Rental rates in Dubai’s International City are set to slump as developer Nakheel gears up to hand over a further 26 buildings to buyers in the project, property analysts said.
State-backed Nakheel said up to 1,663 units will be released to buyers by the year-end, a move that is likely to squeeze already low rents of around AED15,000 a year for a studio apartment.
“Projects aimed at low and middle-income groups such as International City remain under deflationary pressures,” said Matthew Green, head of research at CB Richard Ellis in Dubai.
“The addition of new supply across the market allows occupiers to upscale and move to newer and better specification units at lease end, often for no additional rental cost.”
Click here to find out more!
At its launch in 2002, International City rates averaged around AED800 per sq ft. In July, Arabian Business reported that rents had tumbled to as little as AED14,000 a year for a studio apartment – more than 50 percent lower than the AED30,000-35,000 bracket recommended in RERA’s first Dubai rental index, published in October 2009.
Dubai, the worst-hit property market in the Gulf, saw house prices more than halve in late-2008 as the financial crash wiped out project funding and brought a halt to its real estate boom.
Nakheel was one of the biggest casualties of the crash, suspending at least 100 projects in the wake of the downturn as it sought to restructure about AED59bn ($16.1bn) of liabilities.
The developer, which split from its parent firm Dubai World in August to become a government entity, said in September it wrote down AED78.6bn ($21.4bn) from the value of its real estate.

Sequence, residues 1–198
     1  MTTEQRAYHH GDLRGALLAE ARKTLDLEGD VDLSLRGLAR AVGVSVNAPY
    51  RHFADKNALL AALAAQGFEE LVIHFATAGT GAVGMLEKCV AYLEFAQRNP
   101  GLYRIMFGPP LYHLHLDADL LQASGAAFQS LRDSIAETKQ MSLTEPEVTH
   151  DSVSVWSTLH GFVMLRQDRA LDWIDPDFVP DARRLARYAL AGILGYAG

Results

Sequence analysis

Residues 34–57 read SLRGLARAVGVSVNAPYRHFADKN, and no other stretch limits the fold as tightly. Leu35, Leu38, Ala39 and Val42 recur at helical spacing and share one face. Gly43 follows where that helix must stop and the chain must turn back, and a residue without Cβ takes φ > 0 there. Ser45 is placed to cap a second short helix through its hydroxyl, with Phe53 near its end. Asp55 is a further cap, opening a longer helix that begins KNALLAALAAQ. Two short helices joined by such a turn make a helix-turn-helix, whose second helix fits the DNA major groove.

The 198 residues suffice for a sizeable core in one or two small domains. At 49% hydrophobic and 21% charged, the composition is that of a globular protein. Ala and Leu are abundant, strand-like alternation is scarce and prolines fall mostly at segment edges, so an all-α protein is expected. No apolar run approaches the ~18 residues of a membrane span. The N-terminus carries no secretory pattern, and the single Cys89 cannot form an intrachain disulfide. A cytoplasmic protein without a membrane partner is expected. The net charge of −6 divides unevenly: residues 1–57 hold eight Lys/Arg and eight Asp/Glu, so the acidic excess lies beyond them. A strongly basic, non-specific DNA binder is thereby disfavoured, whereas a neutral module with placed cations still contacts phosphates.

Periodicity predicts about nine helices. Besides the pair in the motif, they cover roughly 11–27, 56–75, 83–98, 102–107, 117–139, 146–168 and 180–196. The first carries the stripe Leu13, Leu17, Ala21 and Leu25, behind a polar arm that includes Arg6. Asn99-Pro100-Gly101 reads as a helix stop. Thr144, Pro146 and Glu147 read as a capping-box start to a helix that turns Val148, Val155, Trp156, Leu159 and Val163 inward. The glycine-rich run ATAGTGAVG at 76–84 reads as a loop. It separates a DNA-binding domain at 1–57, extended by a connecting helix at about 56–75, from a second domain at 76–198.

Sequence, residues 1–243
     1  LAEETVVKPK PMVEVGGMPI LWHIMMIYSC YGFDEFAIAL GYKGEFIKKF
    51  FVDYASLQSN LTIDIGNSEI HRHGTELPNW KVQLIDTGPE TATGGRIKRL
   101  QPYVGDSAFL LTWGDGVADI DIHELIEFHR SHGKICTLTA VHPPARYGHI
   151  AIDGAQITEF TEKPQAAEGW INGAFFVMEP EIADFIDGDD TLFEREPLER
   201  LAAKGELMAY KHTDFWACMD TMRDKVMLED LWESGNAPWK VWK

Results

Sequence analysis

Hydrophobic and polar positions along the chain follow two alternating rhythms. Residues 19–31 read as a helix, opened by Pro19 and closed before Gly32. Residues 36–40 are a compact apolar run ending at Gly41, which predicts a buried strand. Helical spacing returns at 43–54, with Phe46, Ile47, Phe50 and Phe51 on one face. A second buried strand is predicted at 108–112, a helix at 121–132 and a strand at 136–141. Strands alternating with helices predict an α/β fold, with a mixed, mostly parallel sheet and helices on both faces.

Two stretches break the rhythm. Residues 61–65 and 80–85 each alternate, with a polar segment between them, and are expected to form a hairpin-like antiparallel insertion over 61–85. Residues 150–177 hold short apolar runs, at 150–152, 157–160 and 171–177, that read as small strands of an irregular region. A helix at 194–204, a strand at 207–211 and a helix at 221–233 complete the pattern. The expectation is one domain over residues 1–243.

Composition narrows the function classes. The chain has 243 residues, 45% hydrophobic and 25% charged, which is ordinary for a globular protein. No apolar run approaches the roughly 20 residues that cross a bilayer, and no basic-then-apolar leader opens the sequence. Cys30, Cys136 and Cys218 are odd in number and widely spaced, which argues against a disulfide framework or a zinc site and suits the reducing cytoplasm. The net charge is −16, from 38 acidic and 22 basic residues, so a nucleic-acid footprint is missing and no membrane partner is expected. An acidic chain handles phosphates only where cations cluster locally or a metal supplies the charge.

International City and Discovery Gardens, both developed by Nakheel, have suffered from plunging rental vales as depressed prices elsewhere in Dubai have led tenants to relocate.
International City residents have long complained about poor infrastructure, the lack of sufficient access to the development, and the proximity of a nearby sewage processing plant.
Priyesh Patel, a broker at Aston Pearl Real Estate in Dubai, said any further declines in price at the development meant “it would not be worth any investor purchasing. Nakheel needs to bring up the standards on this project.”
Landlords in the development will be forced to offer increasing incentives such as rent-free periods and multiple cheques to attract tenants, warned Green at CB Richard Ellis.
“The impact of new units within International City is likely to compound this situation further with a fresh stock of apartments increasing competition in the locale, forcing landlords to reduce rates and increase incentives in order to secure tenancies and avoid the prospect of long rental voids.”
Jones Lang LaSalle said in September that Dubai's property market had shown small signs of recovery with house prices rising in prime areas and the number of transactions rising.
Nakheel said in September it has handed over more than 1,180 homes across Dubai in the last 18 months as its focus shifts from construction to the completion of existing projects.